How Much Should I Feed My Tortoise?

One rule of thumb to try is to feed your tortoise the amount of food it’s able to consume in a half hour. This can really vary from tortoise to tortoise. Try giving your pet more food that you know it will be able to eat, and see how much it has eaten and what is left after a half hour. After that, you’ll know what amount is generally sufficient for your tortoise’s meals. 

What Is a Balanced Diet for a Tortoise?

Generally, leafy greens make up about 80 percent of a tortoise’s diet, with vegetables making up most of the rest of their meals. Fruits can be included as an occasional treat. You can get plenty of greens from salad mixes at the grocery store, although you should avoid purchasing iceberg lettuce–it’s mostly water with very little nutritional content.


However, kale and baby leaf, and rocket mixtures are all good choices that can make up the bulk of your tortoise’s diet. Mix them up for some variety so that your pet doesn’t get bored.

You can also add in flowers and weeds from your yard as long as they aren’t toxic to tortoises (you can easily look this up online) and haven’t been treated with pesticides or other chemicals. Some examples of safe plants that you likely have growing outdoors include dandelions, bramble leaves, and clover.


Vegetables are typically well-liked by tortoises, but you should try not to give your pet vegetables more than a couple of times per week. Peppers, butternut squash, broccoli, and cauliflower all make great additions to your tortoise’s diet.


As we briefly mentioned before, fruits should be considered a treat, not a diet staple. Make sure not to feed your tortoise any citrus fruits. Instead, try melon, grapes, pear, peach, strawberries, mango, or cherries.

Too much fruit can lead to too much sugar in your tortoise’s system. Since tortoises’ digestive systems aren’t intended to process large amounts of sugar, feeding your pet too much fruit could ultimately lead to health problems. 

Dry Food

Another option to add in some variety to your tortoise’s diet is dry food. Dry food typically contains mixtures of plants that you wouldn’t necessarily be able to find otherwise. However, dry food should be more of a supplementary item instead of making up the bulk of your pet’s diet. 


To ensure that your tortoise is receiving all the nutrition it needs to stay healthy and strong, experts recommend adding various supplements to your pet’s diet. A calcium supplement is the most important, and you can supply extra calcium through powder supplements, cuttlebone, or a tortoise block.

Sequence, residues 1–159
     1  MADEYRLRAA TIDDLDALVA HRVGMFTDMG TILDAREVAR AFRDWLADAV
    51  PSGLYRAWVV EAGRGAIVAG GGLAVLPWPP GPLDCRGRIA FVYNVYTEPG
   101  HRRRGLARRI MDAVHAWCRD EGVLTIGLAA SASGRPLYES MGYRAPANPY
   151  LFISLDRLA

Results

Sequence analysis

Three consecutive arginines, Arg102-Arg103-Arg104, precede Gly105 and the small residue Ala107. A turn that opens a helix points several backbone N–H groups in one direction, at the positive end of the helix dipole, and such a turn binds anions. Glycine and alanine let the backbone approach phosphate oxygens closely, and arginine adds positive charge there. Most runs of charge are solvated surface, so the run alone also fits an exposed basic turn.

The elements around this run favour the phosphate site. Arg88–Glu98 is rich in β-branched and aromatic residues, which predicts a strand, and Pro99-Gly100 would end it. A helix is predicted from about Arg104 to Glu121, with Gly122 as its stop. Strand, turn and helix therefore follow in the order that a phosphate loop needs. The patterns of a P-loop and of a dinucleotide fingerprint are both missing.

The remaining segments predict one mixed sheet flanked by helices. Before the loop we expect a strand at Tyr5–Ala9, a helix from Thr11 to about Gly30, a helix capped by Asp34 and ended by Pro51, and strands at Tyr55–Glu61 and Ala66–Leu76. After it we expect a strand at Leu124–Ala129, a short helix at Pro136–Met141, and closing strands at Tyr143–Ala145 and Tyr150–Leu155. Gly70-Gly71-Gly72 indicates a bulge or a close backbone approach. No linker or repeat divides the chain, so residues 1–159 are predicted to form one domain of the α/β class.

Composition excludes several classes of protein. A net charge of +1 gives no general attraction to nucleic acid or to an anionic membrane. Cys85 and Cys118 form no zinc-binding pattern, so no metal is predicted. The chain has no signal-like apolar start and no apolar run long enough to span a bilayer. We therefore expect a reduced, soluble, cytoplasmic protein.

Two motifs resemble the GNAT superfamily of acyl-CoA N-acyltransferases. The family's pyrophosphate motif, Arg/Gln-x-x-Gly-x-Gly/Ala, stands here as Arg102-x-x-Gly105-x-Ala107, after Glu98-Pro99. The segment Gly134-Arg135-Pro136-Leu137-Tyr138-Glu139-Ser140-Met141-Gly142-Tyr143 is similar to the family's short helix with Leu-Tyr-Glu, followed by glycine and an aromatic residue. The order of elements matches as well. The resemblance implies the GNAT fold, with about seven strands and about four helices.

A lack of calcium can affect the strength of your tortoise’s bones and shell.

What Foods Are Toxic to Tortoises?

It’s great to mimic a tortoise’s natural diet, but there are definitely some plants and other foods to stay away from. 

  • Food that is very rich in protein is very hard for tortoises to digest, and because they’re primarily vegetarians, their bodies aren’t used to processing large amounts of protein.
  • Citrus fruits contain too much sugar and are too acidic for tortoises–your pet will end up with an upset stomach.
  • Certain flowers such as foxgloves, daffodils, and buttercups are toxic to tortoises. 


Tortoises can definitely be picky eaters, but it’s important to figure out a way to help your picky pet get back to a healthy and balanced diet! Try feeding your tortoise pumpkin puree or romaine lettuce with chopped up leafy greens mixed in.

If your tortoise refuses to eat for an extended period of time, make sure to weigh it weekly to see if it’s losing weight. You’ll want to soak your pet in warm water mixed with carrot juice or an electrolyte supplement to help it absorb some nutrients. Always provide plenty of fresh water as well.

As a general rule, leafy greens should make up about 80 percent of your tortoise’s diet, with vegetables and fruit mixed in occasionally. You can also add in dry food for variety. Don’t forget to provide a calcium supplement!


I’m Devin Nunn, an average joe that just so happens to have a deep love and passion for everything to do with reptiles. Because taking care of them for the vast majority of my life wasn’t fulfilling enough, I decided to begin educating others about them through my articles. read more...